A detailed statistical description of the construction of consistency charts from large data sets can be found elsewhere2,3 and is beyond the scope of this article.
A minimum of three data points are necessary to construct a Consistency Chart. However, when used to evaluate product quality such as test data on cleanroom wipers, it is advisable to have more than 15 data points to ensure statistically valid representation and comparisons.
Inspecting the chart below, the following can be observed:
- Wiper 1 has the smallest box and the shortest whiskers.
- Wiper 2 and Wiper 4 have similar medians.
- Wiper 3 has the lowest median.
- Wiper 3 has an outlier value shown by the asterisk above the whisker along with the longest whisker.
- The median for Wiper 3 is nearer to the lower end of the box indicating many values that are similar and low, that is, 50% of the data values are between 2 and 12; however, the other 50% of the values range between 12 and 58.
- Wiper 4 has the largest box and largest range in the data.
Summarizing these observations, Wiper 1 is most likely to be the cleanest among the four. In comparing Wipers 1 and 3, the following observation can be made:
- The data set for Wiper 1 or the entire box and whisker chart lies within the box for Wiper 3.
- Of the test results for Wiper 3, 25% are lower than those for Wiper 1. More than 25% of the rest of the results for Wiper 3 are higher than those for Wiper 1.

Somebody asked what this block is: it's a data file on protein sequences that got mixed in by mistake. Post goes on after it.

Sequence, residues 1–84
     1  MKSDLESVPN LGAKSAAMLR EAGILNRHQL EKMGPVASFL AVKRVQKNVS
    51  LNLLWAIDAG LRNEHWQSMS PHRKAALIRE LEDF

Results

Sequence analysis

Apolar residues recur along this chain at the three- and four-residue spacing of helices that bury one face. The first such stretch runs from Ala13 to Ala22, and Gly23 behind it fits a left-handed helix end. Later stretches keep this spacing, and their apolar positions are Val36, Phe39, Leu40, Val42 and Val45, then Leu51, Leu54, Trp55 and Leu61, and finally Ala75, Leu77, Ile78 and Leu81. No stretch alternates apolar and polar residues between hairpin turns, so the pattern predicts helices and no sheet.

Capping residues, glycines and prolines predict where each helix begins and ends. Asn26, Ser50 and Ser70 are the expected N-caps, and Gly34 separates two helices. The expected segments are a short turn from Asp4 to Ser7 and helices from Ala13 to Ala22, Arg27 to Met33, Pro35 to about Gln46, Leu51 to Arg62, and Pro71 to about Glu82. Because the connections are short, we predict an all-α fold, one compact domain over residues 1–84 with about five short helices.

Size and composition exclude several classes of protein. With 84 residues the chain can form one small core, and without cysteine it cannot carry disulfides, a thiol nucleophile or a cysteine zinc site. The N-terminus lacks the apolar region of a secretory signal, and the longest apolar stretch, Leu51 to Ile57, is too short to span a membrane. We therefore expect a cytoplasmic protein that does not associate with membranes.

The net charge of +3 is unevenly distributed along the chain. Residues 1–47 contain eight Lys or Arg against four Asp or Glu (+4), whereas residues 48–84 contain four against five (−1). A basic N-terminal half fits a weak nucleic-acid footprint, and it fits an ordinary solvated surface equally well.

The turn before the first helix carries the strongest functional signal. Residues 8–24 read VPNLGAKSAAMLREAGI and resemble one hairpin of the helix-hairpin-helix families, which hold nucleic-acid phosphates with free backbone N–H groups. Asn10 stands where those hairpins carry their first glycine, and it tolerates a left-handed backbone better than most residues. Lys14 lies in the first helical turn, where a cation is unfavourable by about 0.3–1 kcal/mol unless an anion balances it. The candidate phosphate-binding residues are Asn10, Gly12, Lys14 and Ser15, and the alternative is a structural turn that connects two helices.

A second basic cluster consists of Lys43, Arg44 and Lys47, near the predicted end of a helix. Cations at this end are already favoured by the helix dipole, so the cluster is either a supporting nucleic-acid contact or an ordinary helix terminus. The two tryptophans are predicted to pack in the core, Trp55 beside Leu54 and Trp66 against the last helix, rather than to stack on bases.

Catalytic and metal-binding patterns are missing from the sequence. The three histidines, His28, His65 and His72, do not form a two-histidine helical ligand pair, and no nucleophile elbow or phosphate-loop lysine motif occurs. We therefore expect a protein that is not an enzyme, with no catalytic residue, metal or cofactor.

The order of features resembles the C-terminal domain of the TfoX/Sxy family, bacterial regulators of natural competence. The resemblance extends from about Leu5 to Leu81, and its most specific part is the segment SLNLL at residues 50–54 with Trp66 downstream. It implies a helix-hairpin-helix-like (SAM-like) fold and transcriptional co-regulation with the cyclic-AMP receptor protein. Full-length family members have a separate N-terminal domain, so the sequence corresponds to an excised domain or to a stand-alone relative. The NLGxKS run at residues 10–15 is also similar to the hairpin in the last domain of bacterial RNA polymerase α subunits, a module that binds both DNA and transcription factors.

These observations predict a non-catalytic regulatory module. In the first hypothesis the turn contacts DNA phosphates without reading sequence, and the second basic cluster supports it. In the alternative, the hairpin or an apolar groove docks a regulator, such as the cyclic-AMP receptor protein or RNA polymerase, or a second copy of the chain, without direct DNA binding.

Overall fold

This presents us with an improved method to truly assess the cleanliness of cleanroom wipers than comparing “typical” values or the average values and/or the standard deviation which are by their very nature incomplete representations of the data set. Consistency Charts provide a true picture of the cleanliness of each wiper since they represent all of the data that is available. The true measure of the quality of a cleanroom wiper should be measured by the consistency of its cleanliness test over a period of time.
What truly matters in a critical cleaning operation is that each wiper in a bag, each bag in a lot, and each lot of a given wiper product is delivered to the cleanroom with the highest assurance of the expected cleanliness level. Consistency Charts offer a statistically unbiased approach to evaluate the variability of wipers from within a bag or lot, over time.
Selecting the best cleanroom wiper for a particular application requires an unbiased scientific assessment of the available data for any given wiper. Consistency Charts allow for such a statistically valid assessment of cleanroom wiper quality. The quality of a cleanroom wiper should be evaluated not through a typical or average value, but through the use of Consistency Charts that serve to indicate how frequently that typical value is achieved in practice over a period of time. The critical manufacturing processes in a cleanroom must not be susceptible to the variation in the cleanliness of the wiper that may be evidenced in the test data.
- “Evaluating Wiping Materials Used in Cleanroom and Other Controlled Environments,” IEST-RP-CC004.3, Institute for Environmental Sciences and Technology, Rolling Meadows, IL, 2004; www.iest.org.
- John W. Tukey. “Exploratory Data Analysis.” Addison- Wesley, Reading, MA. 1977.
- Robert McGill, John W. Tukey, Wayne A. Larsen (February 1978). “Variations of Box Plots.” The American Statistician 32 (1): 12–16. http://www.jstor.org/pss/2683468.
Sandeep Kalelkar, Ph.D. is Director of Marketing at Texwipe, an ITW Company. He has a Ph.D. in Chemistry and has worked as a scientist, product developer, and marketer in the life science industry.
Jay C. Postlewaite, Ph.D., is the Senior Technical Advisor at Texwipe, an ITW Company. He has a Bachelor’s degree in Chemical Engineering from Auburn University and a Ph.D. in Physical Chemistry from the University of Illinois, Urbana-Champaign. He has held technical positions in global product regulatory service, research, manufacturing, and product development in areas ranging from industrial and nuclear contamination control to research and application of laser technologies.